We have for example people that get goose bumps from music and people that do not, which can be traced back to higher density and connectivity to certain brain parts, and those belong to bigger empathy and coordination between what we experience and what we feel. We have lots of hard-wired and psychological variety. I simply believe that this was (and is) to our advantage.
    I believe that social empathy, binding factors were important. But I believe as well that some members of the small tribe having other wired brains, in the A-spectrum, were also highly contributing as a niche for toolmaking and technical stuff (it looks that this was improved by some Neandertal DNA from interbreeding).
    And all this takes time for the many mutations and can only be tracked over that 90,000 years by usable DNA after we learned where all these brain-psychological features are DNA triggered.

    Lots to do :)
     
    Birdjaguar likes this.
  13. Berzerker

    Berzerker Chieftain

    Joined:
    Dec 30, 2000
    Messages:
    12,000
    Location:
    Topeka, Kansas
  14. Manfred Belheim

    Manfred Belheim Chieftain

    Joined:
    Sep 11, 2009
    Messages:
    4,408
    So.... what's the paradox exactly? Why did humans with no language, civilisation, technology or understanding of the world, not spread as fast as humans with all those things?
     
  15. innonimatu

    innonimatu Chieftain

    Joined:
    Dec 4, 2006
    Messages:
    8,976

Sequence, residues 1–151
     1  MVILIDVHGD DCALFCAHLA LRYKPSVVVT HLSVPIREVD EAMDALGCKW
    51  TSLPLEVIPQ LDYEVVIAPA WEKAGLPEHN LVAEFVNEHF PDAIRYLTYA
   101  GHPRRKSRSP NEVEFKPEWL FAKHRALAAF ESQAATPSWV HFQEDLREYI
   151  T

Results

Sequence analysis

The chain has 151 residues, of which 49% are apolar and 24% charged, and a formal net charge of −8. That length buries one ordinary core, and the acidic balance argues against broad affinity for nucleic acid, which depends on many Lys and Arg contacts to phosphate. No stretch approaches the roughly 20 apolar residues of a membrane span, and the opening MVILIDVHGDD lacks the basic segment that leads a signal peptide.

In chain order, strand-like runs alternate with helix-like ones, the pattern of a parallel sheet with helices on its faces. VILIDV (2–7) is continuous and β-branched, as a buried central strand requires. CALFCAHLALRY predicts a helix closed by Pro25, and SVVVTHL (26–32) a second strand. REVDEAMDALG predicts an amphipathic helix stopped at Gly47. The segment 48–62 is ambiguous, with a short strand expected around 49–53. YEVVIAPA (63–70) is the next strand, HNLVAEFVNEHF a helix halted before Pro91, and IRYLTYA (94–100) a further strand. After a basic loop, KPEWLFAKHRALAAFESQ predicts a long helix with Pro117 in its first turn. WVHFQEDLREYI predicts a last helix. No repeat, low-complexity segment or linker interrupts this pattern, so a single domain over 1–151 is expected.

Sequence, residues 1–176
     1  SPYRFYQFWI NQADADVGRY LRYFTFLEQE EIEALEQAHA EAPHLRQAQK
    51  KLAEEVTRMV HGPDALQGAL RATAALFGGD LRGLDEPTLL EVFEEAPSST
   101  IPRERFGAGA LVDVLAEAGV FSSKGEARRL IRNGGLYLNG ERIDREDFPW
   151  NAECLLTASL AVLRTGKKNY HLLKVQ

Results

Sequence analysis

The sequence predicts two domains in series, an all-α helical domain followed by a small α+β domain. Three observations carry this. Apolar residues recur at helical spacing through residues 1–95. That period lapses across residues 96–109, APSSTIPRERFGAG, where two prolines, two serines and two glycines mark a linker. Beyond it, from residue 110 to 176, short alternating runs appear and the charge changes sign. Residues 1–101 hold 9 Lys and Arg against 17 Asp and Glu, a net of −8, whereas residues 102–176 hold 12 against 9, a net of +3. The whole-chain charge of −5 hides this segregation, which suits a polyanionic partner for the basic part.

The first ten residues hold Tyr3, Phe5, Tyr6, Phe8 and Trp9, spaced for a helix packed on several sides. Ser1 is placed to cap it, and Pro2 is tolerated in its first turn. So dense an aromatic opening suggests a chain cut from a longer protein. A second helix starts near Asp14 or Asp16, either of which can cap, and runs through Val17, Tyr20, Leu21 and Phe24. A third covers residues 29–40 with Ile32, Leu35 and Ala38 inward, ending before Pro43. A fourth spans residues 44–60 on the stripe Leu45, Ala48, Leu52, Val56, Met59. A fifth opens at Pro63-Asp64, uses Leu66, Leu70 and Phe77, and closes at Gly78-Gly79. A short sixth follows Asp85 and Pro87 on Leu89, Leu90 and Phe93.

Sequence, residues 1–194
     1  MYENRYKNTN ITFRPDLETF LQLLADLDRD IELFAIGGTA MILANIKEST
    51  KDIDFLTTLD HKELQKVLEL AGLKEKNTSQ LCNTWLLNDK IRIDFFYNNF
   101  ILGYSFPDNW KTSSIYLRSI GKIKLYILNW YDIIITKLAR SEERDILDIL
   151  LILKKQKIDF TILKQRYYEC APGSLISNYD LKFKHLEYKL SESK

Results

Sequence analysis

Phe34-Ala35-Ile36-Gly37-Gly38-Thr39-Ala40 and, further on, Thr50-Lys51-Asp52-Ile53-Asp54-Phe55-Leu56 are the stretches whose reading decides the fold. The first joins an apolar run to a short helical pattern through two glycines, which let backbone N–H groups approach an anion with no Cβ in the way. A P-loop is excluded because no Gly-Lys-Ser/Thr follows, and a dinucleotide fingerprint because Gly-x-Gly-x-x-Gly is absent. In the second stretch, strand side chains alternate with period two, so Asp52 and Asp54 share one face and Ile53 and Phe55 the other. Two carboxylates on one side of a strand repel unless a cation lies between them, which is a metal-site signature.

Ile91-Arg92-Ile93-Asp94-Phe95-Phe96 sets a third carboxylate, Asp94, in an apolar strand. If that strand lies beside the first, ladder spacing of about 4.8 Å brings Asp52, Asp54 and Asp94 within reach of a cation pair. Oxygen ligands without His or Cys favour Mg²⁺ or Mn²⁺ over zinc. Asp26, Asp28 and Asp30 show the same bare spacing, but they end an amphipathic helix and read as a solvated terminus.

I do suspect that all those neat theories about how humans originates and spread will go through many revisions still. It's anyones guess now but I'd bet on people have mixed plenty of times. There may have never been "human races" in the proper biological term, as far as we know those "ancestors" could have interbred and did so.
     
  16. Berzerker

    Berzerker Chieftain

    Joined:
    Dec 30, 2000
    Messages:
    12,000
    Location:
    Topeka, Kansas
    the paradox is we spent ~>100,000 years or more sitting in Africa and took maybe half that to 'conquer' the world

    Language and technology didn't exist? People were leaving Africa more than a million years ago
     
  17. Valka D'Ur

    Valka D'Ur Hosting Iron Pen in A&E Retired Moderator

    Joined:
    Mar 3, 2005
    Messages:
    17,282
    Gender:
    Female
    Location:
    Red Deer, Alberta, Canada
    Anthropologists found artifacts in Neanderthal gravesites that suggest there was an awareness of death in the abstract, and there may have been a belief in some sort of afterlife.